– Speaking of Healthcare – My one hang-up with universal healthcare has always been that the opportunity in the U.S. for making money has created the innovative environment for new medical technologies and treatments. Just a couple of days ago I realized that all the technology in the world doesn’t do me a bit of good if I can’t afford it.
More than half of the bankruptcies in the U.S. are at least partially due to healthcare costs resulting from a catastrophic illness. And 75% of those had that holy grail, health insurance, at the onset of the situation. Fearmongers tell us that universal healthcare is too expensive (look at all the taxes they pay in Europe!). I think it’s a lot more expensive to pay a portion of our healthcare dollars into the pockets of investors, stockholders, and bloated CEOs rather than directly into a single-payor system with a government-wage agency director.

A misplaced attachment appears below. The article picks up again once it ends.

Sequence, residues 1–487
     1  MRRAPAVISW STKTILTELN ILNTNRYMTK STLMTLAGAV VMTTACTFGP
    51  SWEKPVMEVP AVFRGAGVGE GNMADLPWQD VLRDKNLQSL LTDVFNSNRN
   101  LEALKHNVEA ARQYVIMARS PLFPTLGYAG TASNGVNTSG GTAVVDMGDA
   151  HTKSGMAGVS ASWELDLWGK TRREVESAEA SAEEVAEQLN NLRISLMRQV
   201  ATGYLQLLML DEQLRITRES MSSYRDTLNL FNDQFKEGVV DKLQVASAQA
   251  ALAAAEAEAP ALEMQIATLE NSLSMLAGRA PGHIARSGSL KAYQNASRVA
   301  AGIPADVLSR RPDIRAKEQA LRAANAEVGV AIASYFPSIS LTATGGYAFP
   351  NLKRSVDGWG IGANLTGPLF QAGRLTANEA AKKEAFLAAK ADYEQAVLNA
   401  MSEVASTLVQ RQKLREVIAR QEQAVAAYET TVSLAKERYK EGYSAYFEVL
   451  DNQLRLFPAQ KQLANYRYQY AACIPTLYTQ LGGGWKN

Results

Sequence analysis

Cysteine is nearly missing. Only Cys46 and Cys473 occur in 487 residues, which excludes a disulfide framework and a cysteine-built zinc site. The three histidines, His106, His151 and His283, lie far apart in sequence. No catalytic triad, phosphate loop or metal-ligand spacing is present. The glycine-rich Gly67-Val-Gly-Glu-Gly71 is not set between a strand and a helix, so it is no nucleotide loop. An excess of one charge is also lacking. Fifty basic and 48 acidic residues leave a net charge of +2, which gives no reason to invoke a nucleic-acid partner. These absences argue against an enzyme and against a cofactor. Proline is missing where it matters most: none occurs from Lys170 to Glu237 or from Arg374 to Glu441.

– Bankruptcy – And when the uninsured, underinsured, or unlucky finally run out of money and get kicked to the curb halfway through treatment, they find that the Republican congress in 2005 made it harder for people to file for Chapter 7 bankruptcy, that position of privilege that so many people were so anxious to get to that the government had to finally step in to slow the flow (too bad they didn’t have the same foresight when their lender friends were tossing out interest-only mortgages like candy at a parade). This simply means that fewer Americans can get relief from the crushing debt that the lack of universal healthcare has put them in. It also means that healthcare corporations, payday lenders, and credit card companies don’t get cheated by those shifty terminal patients.